Monthly Archives: February 2010

Christie Fan(atic)s

Of course I realize that I’m not the only one who loves Agatha Christie’s mysteries.  There are lots and lots of us around — that’s why her books have never gone out of print since her first novel, The Mysterious Affair at Styles was first published in 1920.  She wrote her last mystery, Postern of Fate, in 1973, when she was 82 years old. And they’re all still in print, more than 35 years after her death.

For some reason, I’ve been thinking a lot about Christie’s mysteries on these rainy, weirdly spring-like days in Seattle. (Maybe it’s the grey skies.)  I just finished reading the last page of a “must read” for Christie fan(atic)s — Agatha Christie’s Secret Notebooks: Fifty Years of Mysteries in the Making (Harper 2010) by John Curran.  Did you know that, as Curran says, “It is possible to read a different Christie title every month for almost seven years … And it is possible to watch a different dramatization every month for two years.” 

Pretty impressive, isn’t it?

What especially interests me, though, is why people enjoy her books so much, and, more specifically, why I read and reread her mysteries on a fairly regular basis. (I’ve never read one of her non-mysteries, all of which were written under the pseudonym Mary Westmacott.)  The odd part for me is that her great strength, which is her genius at plotting, is something that is generally not important to me in what I read.  I’m always much more interested in character development and the quality of the writing than I am in what happens in any particular book. The books I love best tend to be character, rather than story, driven and always, always distinguished by gorgeous writing.  But Christie’s characters are as thin as paper; they tend to be stock characters — the dim-witted housemaid, the bluff retired army officer, the ne’er do well child who leaves home at an early age and returns as an adult.  Even her major characters, Hercule Poirot and Miss Marple, have no depth.  Poirot is always described in terms of his mustaches, his love of tisanes, his compulsive neatness, his egg shaped head, and the little grey cells he puts to good use for detecting.  And Miss Marple, dithery and a knitter, is a whiz at reading people.  But that’s all we know about them — there’s no inner life for us to discover.  And don’t get me started on Captain Hastings — I was very happy when Christie sent him off to the Argentine to raise cattle!  Plus, her writing, while hardly clunky, is not what you read the books for.  Her actual prose is serviceable and unobtrusive.  But her storytelling is brilliant, and her talent for writing the puzzler sort of mystery is unmatched. I can’t think of anyone else who can give the reader all the clues necessary to solve the case, and yet whose ability to disguise them in such a diabolical fashion means that you’re unlikely to guess whodunit before all is revealed in the last scene.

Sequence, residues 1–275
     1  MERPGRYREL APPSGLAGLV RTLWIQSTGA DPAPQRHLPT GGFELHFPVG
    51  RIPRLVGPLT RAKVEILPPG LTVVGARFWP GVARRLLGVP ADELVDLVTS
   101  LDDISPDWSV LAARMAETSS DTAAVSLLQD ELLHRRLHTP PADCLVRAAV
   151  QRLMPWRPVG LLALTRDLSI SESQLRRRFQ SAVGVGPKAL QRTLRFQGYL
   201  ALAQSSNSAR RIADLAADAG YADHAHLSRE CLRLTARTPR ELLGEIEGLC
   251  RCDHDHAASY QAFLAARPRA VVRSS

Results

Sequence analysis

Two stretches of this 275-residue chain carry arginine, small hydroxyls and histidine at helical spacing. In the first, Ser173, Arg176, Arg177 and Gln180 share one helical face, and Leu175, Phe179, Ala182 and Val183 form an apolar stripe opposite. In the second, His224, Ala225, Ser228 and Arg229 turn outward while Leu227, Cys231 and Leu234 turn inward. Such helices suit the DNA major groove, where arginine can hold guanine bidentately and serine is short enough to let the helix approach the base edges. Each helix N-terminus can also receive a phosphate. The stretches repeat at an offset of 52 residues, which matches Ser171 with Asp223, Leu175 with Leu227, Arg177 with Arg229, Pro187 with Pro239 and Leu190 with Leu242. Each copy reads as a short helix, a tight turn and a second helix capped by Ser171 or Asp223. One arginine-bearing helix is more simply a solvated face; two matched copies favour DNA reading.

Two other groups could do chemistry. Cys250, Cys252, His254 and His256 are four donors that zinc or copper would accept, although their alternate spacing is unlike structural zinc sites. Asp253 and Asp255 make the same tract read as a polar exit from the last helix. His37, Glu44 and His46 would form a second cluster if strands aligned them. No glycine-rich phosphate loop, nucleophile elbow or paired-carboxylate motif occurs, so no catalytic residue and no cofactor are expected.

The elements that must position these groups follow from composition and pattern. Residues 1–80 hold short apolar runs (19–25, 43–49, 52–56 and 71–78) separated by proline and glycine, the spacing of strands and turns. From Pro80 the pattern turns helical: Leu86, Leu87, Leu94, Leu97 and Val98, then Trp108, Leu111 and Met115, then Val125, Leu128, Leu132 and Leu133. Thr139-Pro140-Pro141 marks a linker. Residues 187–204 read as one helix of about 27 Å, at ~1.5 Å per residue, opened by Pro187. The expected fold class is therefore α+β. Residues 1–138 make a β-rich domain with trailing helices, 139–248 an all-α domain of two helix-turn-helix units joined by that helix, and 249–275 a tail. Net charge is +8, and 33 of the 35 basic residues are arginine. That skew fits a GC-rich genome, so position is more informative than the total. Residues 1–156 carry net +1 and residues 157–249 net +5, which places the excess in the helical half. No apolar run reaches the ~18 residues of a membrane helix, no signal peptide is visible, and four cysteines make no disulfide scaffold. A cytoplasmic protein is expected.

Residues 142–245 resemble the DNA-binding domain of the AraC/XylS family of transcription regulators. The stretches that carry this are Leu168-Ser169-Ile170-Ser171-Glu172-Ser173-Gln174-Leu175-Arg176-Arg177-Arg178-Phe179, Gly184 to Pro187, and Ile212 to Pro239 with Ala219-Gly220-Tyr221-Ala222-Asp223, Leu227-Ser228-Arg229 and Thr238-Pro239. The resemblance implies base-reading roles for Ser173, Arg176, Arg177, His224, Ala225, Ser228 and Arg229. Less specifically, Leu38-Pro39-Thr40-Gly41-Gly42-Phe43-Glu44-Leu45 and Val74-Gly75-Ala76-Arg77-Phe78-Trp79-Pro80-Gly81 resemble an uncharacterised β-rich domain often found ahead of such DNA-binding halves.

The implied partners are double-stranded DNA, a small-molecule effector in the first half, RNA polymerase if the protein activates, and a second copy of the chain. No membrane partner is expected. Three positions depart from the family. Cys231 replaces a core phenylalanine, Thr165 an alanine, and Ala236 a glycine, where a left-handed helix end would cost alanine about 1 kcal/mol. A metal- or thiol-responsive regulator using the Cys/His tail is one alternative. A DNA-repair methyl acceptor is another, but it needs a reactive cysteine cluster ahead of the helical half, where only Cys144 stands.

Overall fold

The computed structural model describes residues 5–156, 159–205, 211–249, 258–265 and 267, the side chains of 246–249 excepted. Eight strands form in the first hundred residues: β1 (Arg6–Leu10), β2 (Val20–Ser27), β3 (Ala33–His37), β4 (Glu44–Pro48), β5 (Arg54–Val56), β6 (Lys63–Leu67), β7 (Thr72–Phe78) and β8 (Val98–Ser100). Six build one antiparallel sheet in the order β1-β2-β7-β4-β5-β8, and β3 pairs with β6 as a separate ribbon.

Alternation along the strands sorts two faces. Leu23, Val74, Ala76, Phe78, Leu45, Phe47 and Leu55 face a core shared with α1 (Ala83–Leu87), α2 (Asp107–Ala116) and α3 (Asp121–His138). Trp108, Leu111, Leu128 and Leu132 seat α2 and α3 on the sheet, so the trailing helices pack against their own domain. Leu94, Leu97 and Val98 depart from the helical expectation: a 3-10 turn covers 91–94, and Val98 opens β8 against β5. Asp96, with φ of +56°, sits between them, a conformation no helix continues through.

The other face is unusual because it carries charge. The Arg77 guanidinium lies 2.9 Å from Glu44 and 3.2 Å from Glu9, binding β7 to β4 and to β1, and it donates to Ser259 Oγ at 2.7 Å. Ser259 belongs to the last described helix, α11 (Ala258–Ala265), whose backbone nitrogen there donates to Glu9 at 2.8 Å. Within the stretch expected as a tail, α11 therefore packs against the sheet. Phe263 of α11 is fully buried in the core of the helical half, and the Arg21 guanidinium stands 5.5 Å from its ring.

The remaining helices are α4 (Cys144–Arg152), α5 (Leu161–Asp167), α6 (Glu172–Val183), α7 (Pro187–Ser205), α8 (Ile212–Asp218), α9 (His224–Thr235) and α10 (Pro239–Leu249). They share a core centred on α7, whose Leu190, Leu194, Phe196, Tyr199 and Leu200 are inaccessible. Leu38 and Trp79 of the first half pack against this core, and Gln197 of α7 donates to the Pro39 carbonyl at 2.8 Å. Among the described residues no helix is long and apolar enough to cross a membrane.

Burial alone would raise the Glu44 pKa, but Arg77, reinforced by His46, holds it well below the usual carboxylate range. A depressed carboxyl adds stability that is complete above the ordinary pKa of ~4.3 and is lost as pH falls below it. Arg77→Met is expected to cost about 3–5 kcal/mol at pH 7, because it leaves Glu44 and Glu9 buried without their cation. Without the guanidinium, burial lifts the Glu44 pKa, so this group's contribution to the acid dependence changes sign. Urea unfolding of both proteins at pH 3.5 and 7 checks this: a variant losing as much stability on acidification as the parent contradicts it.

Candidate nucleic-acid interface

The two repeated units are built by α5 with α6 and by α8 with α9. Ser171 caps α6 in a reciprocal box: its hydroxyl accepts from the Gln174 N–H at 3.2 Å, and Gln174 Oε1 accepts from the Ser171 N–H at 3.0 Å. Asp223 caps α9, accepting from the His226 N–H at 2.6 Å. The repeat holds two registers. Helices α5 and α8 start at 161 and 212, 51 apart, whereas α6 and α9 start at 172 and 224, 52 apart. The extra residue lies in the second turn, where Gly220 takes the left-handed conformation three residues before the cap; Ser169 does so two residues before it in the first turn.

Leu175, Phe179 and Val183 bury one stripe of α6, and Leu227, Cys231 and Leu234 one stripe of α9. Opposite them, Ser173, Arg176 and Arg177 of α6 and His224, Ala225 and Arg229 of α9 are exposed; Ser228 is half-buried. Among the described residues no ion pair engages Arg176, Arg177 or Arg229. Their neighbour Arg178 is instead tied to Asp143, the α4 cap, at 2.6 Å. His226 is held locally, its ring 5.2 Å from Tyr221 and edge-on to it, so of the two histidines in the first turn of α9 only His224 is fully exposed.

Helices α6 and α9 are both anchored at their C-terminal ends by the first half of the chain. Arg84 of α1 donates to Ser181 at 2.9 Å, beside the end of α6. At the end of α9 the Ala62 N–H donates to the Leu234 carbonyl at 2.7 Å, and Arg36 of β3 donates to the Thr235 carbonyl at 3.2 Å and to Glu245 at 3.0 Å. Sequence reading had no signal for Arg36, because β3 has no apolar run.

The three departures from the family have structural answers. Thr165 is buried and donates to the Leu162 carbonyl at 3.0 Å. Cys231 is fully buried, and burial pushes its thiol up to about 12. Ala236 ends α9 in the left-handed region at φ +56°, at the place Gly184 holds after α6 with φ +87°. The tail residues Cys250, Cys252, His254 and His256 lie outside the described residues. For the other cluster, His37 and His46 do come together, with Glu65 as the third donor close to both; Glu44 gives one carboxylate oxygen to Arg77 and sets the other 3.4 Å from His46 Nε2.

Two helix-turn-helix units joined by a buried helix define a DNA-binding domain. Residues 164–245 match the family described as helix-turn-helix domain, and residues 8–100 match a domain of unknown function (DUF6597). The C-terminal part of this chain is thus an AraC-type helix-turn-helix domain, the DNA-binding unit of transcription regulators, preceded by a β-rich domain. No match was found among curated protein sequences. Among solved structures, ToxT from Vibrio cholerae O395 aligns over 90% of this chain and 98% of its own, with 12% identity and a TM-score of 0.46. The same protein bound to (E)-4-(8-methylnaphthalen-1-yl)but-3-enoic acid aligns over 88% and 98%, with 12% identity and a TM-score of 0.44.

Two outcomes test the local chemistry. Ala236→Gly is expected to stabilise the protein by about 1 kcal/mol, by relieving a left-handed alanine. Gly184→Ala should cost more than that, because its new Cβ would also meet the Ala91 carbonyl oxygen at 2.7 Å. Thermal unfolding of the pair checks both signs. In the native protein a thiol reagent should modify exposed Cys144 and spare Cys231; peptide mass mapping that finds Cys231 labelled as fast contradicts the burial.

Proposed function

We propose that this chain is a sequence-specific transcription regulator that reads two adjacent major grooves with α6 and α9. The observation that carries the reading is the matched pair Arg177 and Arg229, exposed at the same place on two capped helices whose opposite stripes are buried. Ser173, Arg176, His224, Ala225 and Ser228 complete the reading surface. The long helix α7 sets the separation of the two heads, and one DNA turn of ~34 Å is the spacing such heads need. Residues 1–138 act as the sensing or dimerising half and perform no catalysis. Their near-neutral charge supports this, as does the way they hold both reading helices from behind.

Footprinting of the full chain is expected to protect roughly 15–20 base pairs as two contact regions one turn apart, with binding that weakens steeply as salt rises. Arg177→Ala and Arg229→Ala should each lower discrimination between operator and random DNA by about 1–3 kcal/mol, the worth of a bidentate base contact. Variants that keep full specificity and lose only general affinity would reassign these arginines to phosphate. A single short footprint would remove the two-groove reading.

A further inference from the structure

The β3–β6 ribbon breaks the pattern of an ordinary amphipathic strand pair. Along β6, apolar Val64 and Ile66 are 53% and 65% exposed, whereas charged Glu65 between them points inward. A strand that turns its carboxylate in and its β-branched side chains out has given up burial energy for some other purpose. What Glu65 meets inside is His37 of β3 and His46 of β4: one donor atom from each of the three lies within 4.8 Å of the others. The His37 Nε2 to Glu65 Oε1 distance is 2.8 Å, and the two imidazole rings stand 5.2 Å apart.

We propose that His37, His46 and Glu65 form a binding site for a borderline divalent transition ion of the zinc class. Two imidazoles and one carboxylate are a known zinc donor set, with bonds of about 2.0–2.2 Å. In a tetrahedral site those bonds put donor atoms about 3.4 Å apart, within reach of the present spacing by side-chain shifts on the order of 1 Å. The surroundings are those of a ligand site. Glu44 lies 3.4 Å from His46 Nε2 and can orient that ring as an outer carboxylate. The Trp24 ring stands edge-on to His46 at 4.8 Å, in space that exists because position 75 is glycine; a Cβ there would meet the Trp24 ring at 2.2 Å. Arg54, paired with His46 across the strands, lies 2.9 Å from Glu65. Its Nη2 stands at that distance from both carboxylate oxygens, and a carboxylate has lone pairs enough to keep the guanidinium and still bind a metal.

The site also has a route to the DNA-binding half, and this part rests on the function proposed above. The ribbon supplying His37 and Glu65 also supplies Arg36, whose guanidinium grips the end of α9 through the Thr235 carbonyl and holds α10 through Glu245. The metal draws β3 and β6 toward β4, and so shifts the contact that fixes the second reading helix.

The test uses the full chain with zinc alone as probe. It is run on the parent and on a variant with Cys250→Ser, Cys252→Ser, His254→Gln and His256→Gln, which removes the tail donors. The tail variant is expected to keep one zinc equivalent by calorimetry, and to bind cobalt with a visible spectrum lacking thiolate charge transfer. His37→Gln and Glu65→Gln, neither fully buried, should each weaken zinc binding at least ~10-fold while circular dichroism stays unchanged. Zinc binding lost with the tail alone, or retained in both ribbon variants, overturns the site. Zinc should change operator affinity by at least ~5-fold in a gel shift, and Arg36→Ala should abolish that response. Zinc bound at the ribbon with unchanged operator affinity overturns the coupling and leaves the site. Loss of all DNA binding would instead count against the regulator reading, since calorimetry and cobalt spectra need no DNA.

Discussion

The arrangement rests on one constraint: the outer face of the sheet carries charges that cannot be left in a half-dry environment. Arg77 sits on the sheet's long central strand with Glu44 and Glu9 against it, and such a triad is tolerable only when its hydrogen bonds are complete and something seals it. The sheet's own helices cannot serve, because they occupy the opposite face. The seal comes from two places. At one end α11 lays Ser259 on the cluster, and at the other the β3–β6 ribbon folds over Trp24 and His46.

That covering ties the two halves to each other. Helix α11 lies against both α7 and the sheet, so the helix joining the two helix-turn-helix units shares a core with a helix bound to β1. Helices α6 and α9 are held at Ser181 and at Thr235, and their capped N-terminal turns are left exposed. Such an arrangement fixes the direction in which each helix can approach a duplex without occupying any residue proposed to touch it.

Over the years I must have bought hundreds of copies of her books.  I’d start out by reading or rereading one of them and then feel compelled to read them all.  When I finished, I couldn’t imagine ever reading them again, so I’d donate them to the library book sale or give them to friends. Then, a year or so later, perhaps, I’d be lying in bed and a scene from one of her books would flash into my head and I’d want to reread it; so I’d have to buy a copy, since (sadly) it was unlikely to be in at the library at just the moment I wanted it.  Inevitably, after finishing that one, I’d want to go back and reread them all again (always, of course, having forgotten in the meantime who the murderer was).  Which meant I had to buy them all once again. This has happened too many times for me to count. I was very happy when the publishing company Black Dog & Leventhal reprinted several of them in hardcover, because, psychologically, they’re harder for me to give away.  I just went through this same process — obsessively rereading her oeuvre — and now have another complete set of her mysteries.  I sincerely hope that I’ve learned my lesson and will not get rid of any of these.

My all time favorite novel of hers is one in which neither Poirot or Marple appears. It’s called either Why Didn’t They Ask Evans? or The Boomerang Clue, depending on where and when it was published.

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Audio Books

I’ve just come to the party of audio books listeners.  I’m a bit late but, as they say, better late than never.  (I am so late that I sometimes regress and call them “books on tape,” which is weird, because I never listened to those, either.)  I‘ve never had any negative feelings about unabridged audio books.  At talks I gave, people would frequently ask me if listening to a book “counted” as reading it.  I believe it does, but I also think it’s a different kind of experience than reading something on the page.  When you are reading the print version of a novel, for example, it’s just you and the author, mano a mano, collaborating on the book.  When you add another person — the audio book reader — it changes the whole dynamic.  What the author says and how you respond to it is now mediated through the reader’s voice.  Many people I know choose their audio books by who the reader is, rather than by the topic or the genre.  “I’ll read anything Jim Dale reads,” I often hear people say.  So, yes, it is reading; and yes, too, it’s a totally different experience.